Philadelphia, PA – Complacency can be the enemy of any NBA team, no matter how talented.
The moment a club feels satiated with itself, it's embarking on a dangerous path that likely ends up on the golf course sometime before June rolls around.
For 3 1/2 quarters in Philadelphia Wednesday night, the 28-7 Oklahoma City Thunder looked like the cat that had already eaten the canary. In the final five minutes, they looked like a bear that was poked by a stick.
In the end, Kevin Durant and Company destroyed the Sixers on the boards and used their impressive length on defense to force them into 11 straight misses during the final minutes en route to a 92-88 win.
"I think we did a really good job," Durant said after finally finishing off the 76ers. "I think we did a great job contesting shots and making some tough shots. It was a really good game defensively, especially in the fourth quarter."
Most NBA coaches with good teams spend the majority of their time trying to fight off any sense of satisfaction. In fact, any mentor worth his salt understands the true greats never stop working and never feel the job is finished.
That's why coaches are always looking for something they call "teaching moments," even during lopsided wins. Many feel hammering home a point is best done after a victory, not a setback.
Scott Brooks got neither a convincing win in South Philly nor a loss, but he did get plenty of things to harp on for a team that is rapidly becoming the heavy favorites in the Western Conference.
"It was a little sloppy -- too many turnovers," the Oklahoma City coach said. "We will correct it. We just have to do a much better job with the ball."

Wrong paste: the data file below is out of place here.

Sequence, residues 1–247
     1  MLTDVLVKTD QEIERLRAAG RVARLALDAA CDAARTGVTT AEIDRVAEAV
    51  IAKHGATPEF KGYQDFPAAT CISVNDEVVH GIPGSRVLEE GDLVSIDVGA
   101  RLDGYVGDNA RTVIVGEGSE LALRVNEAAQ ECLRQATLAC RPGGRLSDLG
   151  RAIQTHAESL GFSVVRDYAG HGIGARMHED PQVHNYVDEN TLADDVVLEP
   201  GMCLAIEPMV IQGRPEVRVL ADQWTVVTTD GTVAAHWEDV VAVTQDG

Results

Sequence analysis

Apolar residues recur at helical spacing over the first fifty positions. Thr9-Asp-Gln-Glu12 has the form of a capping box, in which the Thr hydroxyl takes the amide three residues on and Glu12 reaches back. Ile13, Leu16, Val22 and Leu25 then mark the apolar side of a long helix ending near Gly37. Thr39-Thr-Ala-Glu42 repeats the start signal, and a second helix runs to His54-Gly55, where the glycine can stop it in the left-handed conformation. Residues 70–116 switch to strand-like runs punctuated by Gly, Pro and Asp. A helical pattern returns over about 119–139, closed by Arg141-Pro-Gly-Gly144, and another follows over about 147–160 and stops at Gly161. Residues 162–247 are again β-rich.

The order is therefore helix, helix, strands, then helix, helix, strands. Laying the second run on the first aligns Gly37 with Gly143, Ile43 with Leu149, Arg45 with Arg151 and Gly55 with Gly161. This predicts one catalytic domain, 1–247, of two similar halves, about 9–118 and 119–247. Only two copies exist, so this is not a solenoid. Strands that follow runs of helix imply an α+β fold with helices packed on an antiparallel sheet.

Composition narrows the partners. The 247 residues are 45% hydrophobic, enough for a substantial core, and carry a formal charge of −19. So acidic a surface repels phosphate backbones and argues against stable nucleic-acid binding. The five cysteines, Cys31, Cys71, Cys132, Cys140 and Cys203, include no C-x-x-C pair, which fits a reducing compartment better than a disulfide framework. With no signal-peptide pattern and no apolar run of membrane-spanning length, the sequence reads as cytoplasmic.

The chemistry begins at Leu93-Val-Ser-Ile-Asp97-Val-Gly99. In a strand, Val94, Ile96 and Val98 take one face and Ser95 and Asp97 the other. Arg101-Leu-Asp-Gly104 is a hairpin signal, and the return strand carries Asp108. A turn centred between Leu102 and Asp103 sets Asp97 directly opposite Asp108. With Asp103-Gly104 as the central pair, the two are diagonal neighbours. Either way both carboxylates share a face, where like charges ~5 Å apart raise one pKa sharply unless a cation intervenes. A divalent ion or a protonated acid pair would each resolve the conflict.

Brooks already has a lot to be satisfied with these days. His club was deadlocked with Miami atop the NBA standings coming out of the All-Star break and he just piloted the West All-Stars to a hard-fought win over the East on Sunday.
But, Brooks has been far from content with his team and has been constantly preaching about getting better, particularly on the boards and in regards to sharing the ball without turning it over.
The Thunder were careless as usual against the Sixers, turning it over 17 times and recording a season-low 12 assists, but they absolutely blitzed Doug Collins' team on the glass, compiling a 56-39 advantage. Russell Westbrook's seventh offensive rebound in the waning seconds secured the outcome.
"Westbrook really hurt us on the offensive boards," Collins said. "We talked about that going into the game. That guy is a little pit bull and you have to play all 24 seconds of the clock with him."
"The kid is an amazing athlete," Brooks added when talking about Westbrook. "He is dynamic. That last offensive rebound was huge. It was a big one. I don't know where he came from. He just jumps over bigs and finds a way to snatch it out of the air."
Conventional wisdom says the road to the NBA Finals is a slow and tedious one filled with missteps along the way. OKC took a big leap forward last season, making it all the way to the West finals before finally bowing out at the hands of the eventual champs, the Dallas Mavericks.
That's quite an improvement for a team that was one of the NBA's worst a scant two seasons before that.